Static methods are associated with a class instead of a particular object. For that reason, they are also referred to as Class methods. Just as static variables can act as global variables, static methods can act as global functions (a la C). Frequently, they are useful operations that don't require a specific instance to operate on. The Math class, for example, defines a number of static methods. A static method can be called just like an instance method (using the instance name), or using the following template:

Class_name.method_name(parameters);

A static method has access to all static variables within a class, but cannot access any instance variables or instance methods. Take a look at the following code for an example of some of the static methods within the Math class.

class MathMethDemo{
  public static void main(String args[]){
    int x = 25;
    int y = 48;
    int z;

    z = Math.min(x, y);
    System.out.println("Min is " + z);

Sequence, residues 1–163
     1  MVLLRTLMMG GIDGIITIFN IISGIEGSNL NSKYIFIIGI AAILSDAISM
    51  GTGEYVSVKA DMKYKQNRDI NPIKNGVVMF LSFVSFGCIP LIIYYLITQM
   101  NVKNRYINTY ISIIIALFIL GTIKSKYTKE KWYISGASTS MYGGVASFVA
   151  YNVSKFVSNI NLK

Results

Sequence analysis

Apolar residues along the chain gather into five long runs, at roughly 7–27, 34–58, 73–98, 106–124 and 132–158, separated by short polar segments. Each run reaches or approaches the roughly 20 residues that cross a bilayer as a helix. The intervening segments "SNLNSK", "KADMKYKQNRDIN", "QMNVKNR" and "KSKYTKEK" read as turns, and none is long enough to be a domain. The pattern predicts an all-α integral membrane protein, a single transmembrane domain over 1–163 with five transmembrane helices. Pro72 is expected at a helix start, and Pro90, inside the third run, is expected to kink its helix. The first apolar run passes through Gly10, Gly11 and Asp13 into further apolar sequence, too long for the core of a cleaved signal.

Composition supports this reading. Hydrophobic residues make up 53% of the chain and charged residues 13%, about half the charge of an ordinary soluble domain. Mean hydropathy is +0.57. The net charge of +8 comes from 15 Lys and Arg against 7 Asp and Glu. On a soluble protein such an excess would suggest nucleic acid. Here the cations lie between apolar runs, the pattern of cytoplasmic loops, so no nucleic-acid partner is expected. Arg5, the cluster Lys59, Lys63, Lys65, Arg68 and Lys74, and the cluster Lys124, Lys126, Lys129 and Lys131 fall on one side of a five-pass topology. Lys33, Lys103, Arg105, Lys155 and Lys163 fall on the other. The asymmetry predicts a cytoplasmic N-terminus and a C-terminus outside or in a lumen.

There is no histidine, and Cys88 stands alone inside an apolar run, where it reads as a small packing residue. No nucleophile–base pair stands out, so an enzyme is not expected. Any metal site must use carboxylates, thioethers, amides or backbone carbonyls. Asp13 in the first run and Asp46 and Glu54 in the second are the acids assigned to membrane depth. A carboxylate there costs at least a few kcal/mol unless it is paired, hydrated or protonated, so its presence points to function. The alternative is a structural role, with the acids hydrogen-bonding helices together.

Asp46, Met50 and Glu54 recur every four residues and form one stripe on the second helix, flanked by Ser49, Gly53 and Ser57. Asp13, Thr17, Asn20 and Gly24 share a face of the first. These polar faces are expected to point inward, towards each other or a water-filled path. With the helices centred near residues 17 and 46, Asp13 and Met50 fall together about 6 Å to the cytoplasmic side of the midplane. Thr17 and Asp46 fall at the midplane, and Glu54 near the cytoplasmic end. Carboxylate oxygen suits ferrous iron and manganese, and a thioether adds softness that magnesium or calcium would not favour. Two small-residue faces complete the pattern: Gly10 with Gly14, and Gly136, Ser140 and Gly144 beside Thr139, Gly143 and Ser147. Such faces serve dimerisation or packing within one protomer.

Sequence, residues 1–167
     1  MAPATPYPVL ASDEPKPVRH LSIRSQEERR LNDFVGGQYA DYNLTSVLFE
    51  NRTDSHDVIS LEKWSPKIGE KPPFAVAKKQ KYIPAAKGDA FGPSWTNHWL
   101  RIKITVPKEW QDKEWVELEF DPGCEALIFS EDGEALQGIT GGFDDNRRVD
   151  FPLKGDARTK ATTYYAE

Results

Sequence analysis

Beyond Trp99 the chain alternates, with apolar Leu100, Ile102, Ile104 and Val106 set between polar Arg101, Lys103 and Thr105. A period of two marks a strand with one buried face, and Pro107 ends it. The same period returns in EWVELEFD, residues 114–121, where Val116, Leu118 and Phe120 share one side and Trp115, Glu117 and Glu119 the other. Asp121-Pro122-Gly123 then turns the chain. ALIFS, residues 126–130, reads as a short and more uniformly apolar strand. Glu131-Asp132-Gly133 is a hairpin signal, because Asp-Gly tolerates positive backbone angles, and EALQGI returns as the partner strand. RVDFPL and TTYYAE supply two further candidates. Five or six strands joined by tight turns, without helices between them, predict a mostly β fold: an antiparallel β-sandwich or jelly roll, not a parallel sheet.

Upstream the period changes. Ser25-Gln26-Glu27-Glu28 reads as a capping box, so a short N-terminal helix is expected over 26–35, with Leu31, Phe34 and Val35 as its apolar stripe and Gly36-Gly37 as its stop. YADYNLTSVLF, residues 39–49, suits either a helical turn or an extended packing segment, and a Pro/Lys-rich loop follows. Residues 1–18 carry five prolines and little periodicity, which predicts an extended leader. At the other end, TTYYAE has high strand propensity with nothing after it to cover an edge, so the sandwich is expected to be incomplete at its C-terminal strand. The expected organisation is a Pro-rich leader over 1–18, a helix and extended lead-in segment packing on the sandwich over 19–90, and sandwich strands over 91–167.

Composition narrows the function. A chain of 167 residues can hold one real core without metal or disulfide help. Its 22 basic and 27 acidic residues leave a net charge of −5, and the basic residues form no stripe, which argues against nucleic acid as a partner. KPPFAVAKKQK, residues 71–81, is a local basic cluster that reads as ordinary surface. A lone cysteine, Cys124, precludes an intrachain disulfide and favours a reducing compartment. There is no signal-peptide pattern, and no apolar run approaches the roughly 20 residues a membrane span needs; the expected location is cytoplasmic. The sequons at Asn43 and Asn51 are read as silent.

z = Math.max(x, y);
    System.out.println("Max is " + z);
    System.out.println("The natural log of 25 is " + Math.log(x));
    System.out.println("A random double is " + Math.random());
  }
}

UNIX>java MathMethDemo
Min is 25
Max is 48
The natural log of 25 is 3.2188758248682006
A random double is 0.8233360808119343
UNIX>

Based on this we can now examine what the following statements mean:

	public static void main(String args[]) ...
public means this method is accessible to any code, static says this method is associated with the class it is declared in, and void is the return value. The name of the method is main (obviously) and it takes an array of String objects as its parameters.
	System.out.println("Hello!");
Here System is the name of the class, out is a static variable that refers to a PrintStream object, and println is an instance method within the PrintStream class that takes a String object as an argument.

Method Overloading - Unlike C, Java allows multiple methods to have the same name, as long as each one has a different set of parameters. This distinct parameter signature lets the compiler know which of the methods is actually being invoked. The signature has to vary in either the type and/or order of its parameters. Each overloaded method requires a separate implementation within the class declaration.


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Constructors